Institute of Communications and Connected Systems


ICCS demonstrates wireless connectivity for next generation Internet of Things

19 December 2018

Dr Tongyang Xu, a senior research associate in the Electronic and Electrical Engineering Department, has demonstrated a new method of wireless connectivity to support the next generation of the Internet of Things.

Dr Tongyang Xu standing in front of the demonstration stand at GLOBECOM 2018

Authors Tongyan Xu, Senior Research Fellow
Robert J. Thompson,
Institute manager and Impact Fellow

Research theme logos - Intelligent High Capacity Networks;  Sensing, Information and Data Processing
IoT | 5G | New radio | SEFDM

Dr Tongyang Xu has presented a prototype method of wireless connectivity developed by members of the Institute of Communications and Connected Systems to support the next generation of the Internet of Things.

The prototype uses technology developed during an EPSRC funded project 'Electronically Steerable Parasitic Array Radiator (ESPAR) transceiver' led by ICCS member Dr Christos Masouros and was presented at the Institute of Electrical and Electronic Engineering's 2018 Global Communications Conference, GLOBECOM, held in Abu Dhabi last week, 9th - 13th December. 

The Internet of Things (IoT) has become pervasive within many areas of industry and consumer electronics with the number of applications increasing at an exponential rate and many suggested applications having mission-critical importance.

To address the growing demands of IoT the next generation of this technology deployment must be able to support massive numbers of device connections, increased reliability, enhanced power efficiency, long-range communications and higher rates of data transfer.

The demonstration presented by Dr Xu, a senior research fellow in the Department of Electronic and Electrical Engineering, displayed how a proposed new form of radio-wave, termed 'spectrally efficient frequency division multiplexing (SEFDM)', could address the connectivity demands of future generations of IoT technology.

The new form of radio wave was originally proposed by ICCS director Professor Izzat Darwazeh and has been developed for several use-cases within Institute research projects, including applications for 5G and beyond. 

The waveform has multiple benefits which make it suitable for next-generation IoT:

  • Extending the number of connected IoT devices without occupying additional resources, e.g. spectrum,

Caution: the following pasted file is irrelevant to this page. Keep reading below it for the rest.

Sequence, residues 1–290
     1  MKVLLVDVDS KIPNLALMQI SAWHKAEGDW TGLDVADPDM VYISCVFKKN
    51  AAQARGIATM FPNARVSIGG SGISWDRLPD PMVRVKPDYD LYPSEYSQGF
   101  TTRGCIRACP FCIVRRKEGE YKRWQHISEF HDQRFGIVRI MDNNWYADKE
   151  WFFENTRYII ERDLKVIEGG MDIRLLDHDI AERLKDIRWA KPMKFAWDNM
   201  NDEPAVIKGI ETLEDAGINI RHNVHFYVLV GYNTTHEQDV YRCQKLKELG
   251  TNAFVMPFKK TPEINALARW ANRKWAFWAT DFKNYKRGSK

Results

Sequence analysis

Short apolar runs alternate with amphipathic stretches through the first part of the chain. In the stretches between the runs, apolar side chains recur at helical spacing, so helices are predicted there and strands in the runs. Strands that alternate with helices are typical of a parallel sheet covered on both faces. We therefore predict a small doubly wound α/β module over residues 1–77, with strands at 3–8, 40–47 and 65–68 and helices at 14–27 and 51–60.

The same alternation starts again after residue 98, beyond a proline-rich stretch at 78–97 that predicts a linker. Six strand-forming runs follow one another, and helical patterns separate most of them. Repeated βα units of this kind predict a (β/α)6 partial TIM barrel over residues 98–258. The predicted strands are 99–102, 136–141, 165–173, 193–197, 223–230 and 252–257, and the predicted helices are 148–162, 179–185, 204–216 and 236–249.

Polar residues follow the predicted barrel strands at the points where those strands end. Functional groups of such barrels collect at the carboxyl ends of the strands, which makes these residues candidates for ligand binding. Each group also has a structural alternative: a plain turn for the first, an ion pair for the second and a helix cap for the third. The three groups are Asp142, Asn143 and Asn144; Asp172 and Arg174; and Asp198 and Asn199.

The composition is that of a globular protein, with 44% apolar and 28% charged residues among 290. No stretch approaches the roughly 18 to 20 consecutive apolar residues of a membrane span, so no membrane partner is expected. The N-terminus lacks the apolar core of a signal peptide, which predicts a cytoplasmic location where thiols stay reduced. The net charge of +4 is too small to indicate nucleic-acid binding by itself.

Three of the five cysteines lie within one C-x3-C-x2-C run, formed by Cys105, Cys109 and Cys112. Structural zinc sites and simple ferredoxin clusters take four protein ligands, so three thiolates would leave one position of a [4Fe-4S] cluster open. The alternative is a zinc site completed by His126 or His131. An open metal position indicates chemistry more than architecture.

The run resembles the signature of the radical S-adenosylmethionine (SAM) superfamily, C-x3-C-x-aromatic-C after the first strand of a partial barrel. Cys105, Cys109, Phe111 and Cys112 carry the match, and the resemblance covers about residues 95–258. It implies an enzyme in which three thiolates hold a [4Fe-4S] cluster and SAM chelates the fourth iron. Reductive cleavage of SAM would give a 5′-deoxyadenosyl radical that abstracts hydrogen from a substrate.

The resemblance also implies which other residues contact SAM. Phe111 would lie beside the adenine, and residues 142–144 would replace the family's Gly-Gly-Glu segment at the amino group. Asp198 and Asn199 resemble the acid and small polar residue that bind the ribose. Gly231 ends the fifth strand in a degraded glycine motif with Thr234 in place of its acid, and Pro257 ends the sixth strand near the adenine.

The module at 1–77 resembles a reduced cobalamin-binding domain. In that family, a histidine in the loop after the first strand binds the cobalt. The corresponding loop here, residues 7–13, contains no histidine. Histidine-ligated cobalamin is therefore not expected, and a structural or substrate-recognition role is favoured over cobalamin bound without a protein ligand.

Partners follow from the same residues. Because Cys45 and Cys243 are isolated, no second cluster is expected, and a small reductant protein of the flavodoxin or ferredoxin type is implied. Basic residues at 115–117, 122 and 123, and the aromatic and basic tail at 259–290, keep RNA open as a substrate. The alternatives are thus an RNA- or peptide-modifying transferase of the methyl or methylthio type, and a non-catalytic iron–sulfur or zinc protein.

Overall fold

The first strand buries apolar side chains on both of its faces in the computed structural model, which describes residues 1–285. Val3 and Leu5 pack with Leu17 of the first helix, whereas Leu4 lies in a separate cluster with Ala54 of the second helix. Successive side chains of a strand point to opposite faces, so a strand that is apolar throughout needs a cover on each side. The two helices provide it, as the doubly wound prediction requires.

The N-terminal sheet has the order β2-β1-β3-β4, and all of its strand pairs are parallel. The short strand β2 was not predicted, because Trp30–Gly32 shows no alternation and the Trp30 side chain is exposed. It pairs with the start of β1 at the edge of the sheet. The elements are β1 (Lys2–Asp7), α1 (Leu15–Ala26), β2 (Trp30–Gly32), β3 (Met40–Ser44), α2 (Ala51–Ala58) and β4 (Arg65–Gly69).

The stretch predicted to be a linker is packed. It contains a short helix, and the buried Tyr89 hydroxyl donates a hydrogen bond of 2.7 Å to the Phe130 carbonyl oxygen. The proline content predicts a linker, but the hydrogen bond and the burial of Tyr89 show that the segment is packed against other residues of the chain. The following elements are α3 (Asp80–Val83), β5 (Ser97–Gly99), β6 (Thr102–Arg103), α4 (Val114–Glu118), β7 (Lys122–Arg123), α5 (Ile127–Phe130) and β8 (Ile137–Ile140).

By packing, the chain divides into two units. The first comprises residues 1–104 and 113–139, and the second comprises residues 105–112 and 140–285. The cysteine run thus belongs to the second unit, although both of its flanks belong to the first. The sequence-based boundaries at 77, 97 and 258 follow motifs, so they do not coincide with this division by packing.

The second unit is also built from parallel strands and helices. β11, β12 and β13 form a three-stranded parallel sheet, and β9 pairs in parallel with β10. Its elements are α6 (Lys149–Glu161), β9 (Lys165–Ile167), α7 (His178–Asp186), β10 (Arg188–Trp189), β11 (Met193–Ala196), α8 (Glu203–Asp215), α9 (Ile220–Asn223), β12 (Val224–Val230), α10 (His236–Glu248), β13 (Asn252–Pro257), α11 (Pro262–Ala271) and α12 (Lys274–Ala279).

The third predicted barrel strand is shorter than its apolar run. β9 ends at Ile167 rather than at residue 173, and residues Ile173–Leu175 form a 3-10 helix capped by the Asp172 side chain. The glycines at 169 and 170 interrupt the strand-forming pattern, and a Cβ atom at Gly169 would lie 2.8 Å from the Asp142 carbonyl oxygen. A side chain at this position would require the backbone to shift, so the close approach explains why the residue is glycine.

• Increasing the data rate by optimising the waveform rather than adding higher order modulations, this reduces the complexity of the system making it more energy efficient
  • Reducing the power demand on the IoT device while increasing signal coverage by intelligently varying the radio frequency through a technique known as waveform scheduling.

In addition, the demonstration also employed state-of-the-art methods to enable multiple signals to travel constructively through the air by analysing their variations with time and making sure they are transmitted at optimum time windows. This method, known as a constructive interference precoding strategy, has potential use in applications for communication technology beyond 5G. 

The demonstration was received well by those attending the GLOBECOM conference at which thousands of participants from academia and industry attended to present state-of-the-art research and share new ideas. 

National Instruments, a producer of automated test and measurement systems is a long-term collaborator with UCL and invited the ICCS team to present the demonstration at GLOBECOM. The company which produces test and measurement systems have worked with ICCS on two recent EPSRC funded projects, and their software defined radio platform was used in the production of this next generation IoT demonstration. 

The creation of the demonstration was supported by UCL Innovation and Enterprise through an EPSRC funded Impact Acceleration Award, "Development and testing of a pre-commercialisation prototype of an Electronically Steerable Parasitic Array Radiator (ESPAR) transceiver".

Further information on the SEFDM waveform and techniques used within the demonstration can be found in the following papers:

Non-Orthogonal IoT Waveform Design:
[1] T. Xu and I. Darwazeh, “Non-orthogonal narrowband Internet of Things: A design for saving bandwidth and doubling the number of connected devices,” IEEE Internet of Things Journal, vol. 5, no. 3, pp. 2120–2129, June 2018.
[2] T. Xu and I. Darwazeh, “Non-orthogonal waveform scheduling for next generation narrowband IoT,” in 2018 IEEE Global Communications Conference (GlobeCom), Abu Dhabi, United Arab Emirates, Dec. 2018.
[3] T. Xu and I. Darwazeh, “Uplink narrowband IoT data rate improvement: Dense modulation formats or non-orthogonal signal waveforms?” in 2018 IEEE 29th Annual International Symposium on Personal, Indoor, and Mobile Radio Communications (PIMRC), Bologna, Italy, Sep. 2018.

Constructive Interference (CI) Precoding:
[1] C. Masouros and G. Zheng, “Exploiting known interference as green signal power for downlink beamforming optimization,” IEEE Transactions on Signal Processing, vol. 63, no. 14, pp. 3628–3640, July 2015